Conservation: What It Is and Why It’s So Important
Conservation isn’t just about advocacy. Instead, it involves more active steps, including the protection and restoration of critical habitats that support Canada’s native plant and animal species. The NCC’s goal is to ensure biodiversity by documenting rare species and conducting research that can help all native plants and animals to flourish.
While many would assume that the NCC’s efforts only benefit Canada, that isn’t the case. Canada’s boreal forest is critical for the planet. The trees help regulate the climate, purify the air, and keep natural waterways clean. The impact of Canada’s boreal forest is global, affecting the health of the environment all across the world.
Canada is also home to a massive supply of freshwater. Through conversation efforts, the freshwater sources throughout the country can be preserved and restored, which is beneficial to the entire planet.
There are also ice caps in Canada. Conservation efforts help ensure the health of those regions as well, and may even slow the melting of glaciers. Since the ice affects sea levels and temperatures all around the planet, preserving the icecaps is something that has a global impact.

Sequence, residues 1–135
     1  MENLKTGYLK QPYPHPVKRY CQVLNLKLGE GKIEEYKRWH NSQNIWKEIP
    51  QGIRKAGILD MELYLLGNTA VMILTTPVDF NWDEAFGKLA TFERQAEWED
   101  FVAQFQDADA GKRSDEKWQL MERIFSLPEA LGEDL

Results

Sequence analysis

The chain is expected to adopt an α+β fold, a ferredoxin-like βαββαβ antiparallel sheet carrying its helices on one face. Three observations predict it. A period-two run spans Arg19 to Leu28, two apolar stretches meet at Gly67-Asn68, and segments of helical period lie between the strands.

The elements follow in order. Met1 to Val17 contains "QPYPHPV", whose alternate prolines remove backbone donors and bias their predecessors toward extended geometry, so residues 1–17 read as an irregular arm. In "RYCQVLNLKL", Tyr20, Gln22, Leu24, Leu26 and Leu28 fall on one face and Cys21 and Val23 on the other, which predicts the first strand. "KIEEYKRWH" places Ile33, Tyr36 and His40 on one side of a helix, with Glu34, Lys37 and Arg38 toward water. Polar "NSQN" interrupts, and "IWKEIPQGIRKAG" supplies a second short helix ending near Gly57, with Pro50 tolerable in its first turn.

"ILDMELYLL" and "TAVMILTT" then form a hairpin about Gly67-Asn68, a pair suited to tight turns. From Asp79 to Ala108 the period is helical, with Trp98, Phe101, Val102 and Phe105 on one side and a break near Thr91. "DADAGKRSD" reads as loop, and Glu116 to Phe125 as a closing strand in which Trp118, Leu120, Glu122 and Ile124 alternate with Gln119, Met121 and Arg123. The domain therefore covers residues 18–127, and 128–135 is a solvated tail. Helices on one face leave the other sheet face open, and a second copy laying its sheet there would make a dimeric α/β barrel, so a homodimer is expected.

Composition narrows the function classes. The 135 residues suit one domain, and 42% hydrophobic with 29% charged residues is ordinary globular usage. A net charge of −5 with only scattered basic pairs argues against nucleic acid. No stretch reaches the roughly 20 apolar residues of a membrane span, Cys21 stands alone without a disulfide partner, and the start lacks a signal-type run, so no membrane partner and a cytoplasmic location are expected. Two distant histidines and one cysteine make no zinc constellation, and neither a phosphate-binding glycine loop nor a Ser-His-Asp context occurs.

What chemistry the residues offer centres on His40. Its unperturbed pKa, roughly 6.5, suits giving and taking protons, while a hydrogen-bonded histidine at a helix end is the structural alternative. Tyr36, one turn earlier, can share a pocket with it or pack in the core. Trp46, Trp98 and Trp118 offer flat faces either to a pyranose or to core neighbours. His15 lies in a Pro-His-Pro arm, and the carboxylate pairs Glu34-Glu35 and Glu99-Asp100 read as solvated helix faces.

Recent Nature Conservancy of Canada Projects
The NCC has a presence in all ten Canadian provinces (Alberta, British Columbia, Manitoba, New Brunswick, Newfoundland & Labrador, Nova Scotia, Ontario, Prince Edward Island, Quebec, and Saskatchewan). Across the country, the NCC is protecting 35 million acres comprised of a variety of ecosystems, plants, and animals.
Each of the conversation projects focuses on a single area or goal. Some are land purchases that ensure the area is protected and properly restored or preserved. Others focus on a specific plant or animal, such as a rare species that may otherwise end up extinct.
Here is a look at a few of the NCC’s recent projects:
Tabusintac Lagoon and Estuary
A 15-kilometre stretch of land along the coast of the Acadian Penisula in New Brunswick has been turned into a safe haven. The area is a critical breeding habitat for piping plovers, an endangered bird species. Plus, a variety of other waterfowl call the area home, and the beach barrier also helps protect the surrounding areas from harsh storms.